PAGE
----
Senate Moves to Fill Empty Supreme Court Seat

Senate Moves to Fill Empty Supreme Court Seat

Jorge Espinoza-Gonzalez, Staff Writer

Over the weekend, the nation has experienced great grief with the passing of Ruth Bader Ginsburg. Ginsburg was the former Associate Justice of the Supreme Court since 1993 and was the second womanafter Sandra Day O’Connorto serve on the Supreme Court. Throughout her legal career, Ginsburg was an advocate for women’s rights as well as gender equality. When she passed away last Friday, Sept. 18, millions of people across the nation mourned her death. 

“She was an amazing woman, whether you agree or not, who led an amazing life,” said President Donald Trump to NBC after being asked for comments on Ginsburg’s passing.

NPR reported that Ginsburg told her granddaughter, Clara Spera, “My most fervent wish is that I will not be replaced until a new president is installed.”

But that may not be so. According to the New York Times, if the President were to assign a replacement for Ginsburg, it could “cement a conservative majority for years.” That is the reason why the passing of Ginsburg has created both a political focus and nationwide sorrow.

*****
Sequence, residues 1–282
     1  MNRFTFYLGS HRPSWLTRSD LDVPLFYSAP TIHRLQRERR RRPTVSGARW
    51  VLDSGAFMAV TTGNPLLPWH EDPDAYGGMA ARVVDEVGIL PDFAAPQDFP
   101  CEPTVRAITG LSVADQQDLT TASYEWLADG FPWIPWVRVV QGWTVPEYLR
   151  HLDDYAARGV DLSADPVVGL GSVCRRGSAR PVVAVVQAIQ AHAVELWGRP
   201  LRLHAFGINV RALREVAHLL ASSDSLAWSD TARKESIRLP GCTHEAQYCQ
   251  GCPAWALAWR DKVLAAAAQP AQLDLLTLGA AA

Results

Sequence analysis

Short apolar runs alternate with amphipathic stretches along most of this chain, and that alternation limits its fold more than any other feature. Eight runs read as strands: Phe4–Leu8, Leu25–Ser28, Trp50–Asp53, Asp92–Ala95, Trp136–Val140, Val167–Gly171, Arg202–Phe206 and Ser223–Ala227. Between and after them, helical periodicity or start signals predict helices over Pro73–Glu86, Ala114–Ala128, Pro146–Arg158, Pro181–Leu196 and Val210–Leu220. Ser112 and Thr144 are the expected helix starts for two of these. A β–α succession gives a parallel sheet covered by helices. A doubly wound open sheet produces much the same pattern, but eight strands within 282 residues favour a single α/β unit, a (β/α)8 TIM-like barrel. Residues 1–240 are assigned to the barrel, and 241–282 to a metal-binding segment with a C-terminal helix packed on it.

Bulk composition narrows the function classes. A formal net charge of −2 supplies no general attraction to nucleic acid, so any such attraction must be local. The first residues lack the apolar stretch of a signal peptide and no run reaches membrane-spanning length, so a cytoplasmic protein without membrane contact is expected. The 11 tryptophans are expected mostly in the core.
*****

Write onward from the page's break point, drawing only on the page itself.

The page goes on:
The same day that Ginsburg passed away, Senator Mitch McConnell told the media that the president’s nominee for Ginsburg’s replacement would receive a vote on the US Senate floor. McConnell’s statement was very controversial as he had blocked former President Barack Obama’s move to replace a vacancy that had been in the Supreme Court back in 2016, arguing that the President should wait until a new president was voted. 

The rushed vote has also created its opposers. Republican senators Susan Collins and Lisa Murkowski have both said that they oppose the rushed replacement. In the Democratic party, Senators Patrick J. Leahy and Chuck Schumer have both claimed that they hope that Ginsburg will not be replaced until after the presidential election. 

Ginsburg’s place in the Senate holds a special place. If another conservative was to join the Supreme Court, the Republican Party would hold six out of nine seats. The Times claim that this could lead the nation into a heavily-influenced republican agenda and cause tremendous effects on regulation. 

The Times also reports that the President already has a list of conservatives and that he is preparing to replace Ginsburg very soon. The decision to replace Ginsburg before the 2020 election will either lose or win votes for both Biden and Trump, making Ginsburg’s vacancy the political focus as of right now.


Photo courtesy of NYTIMES.COM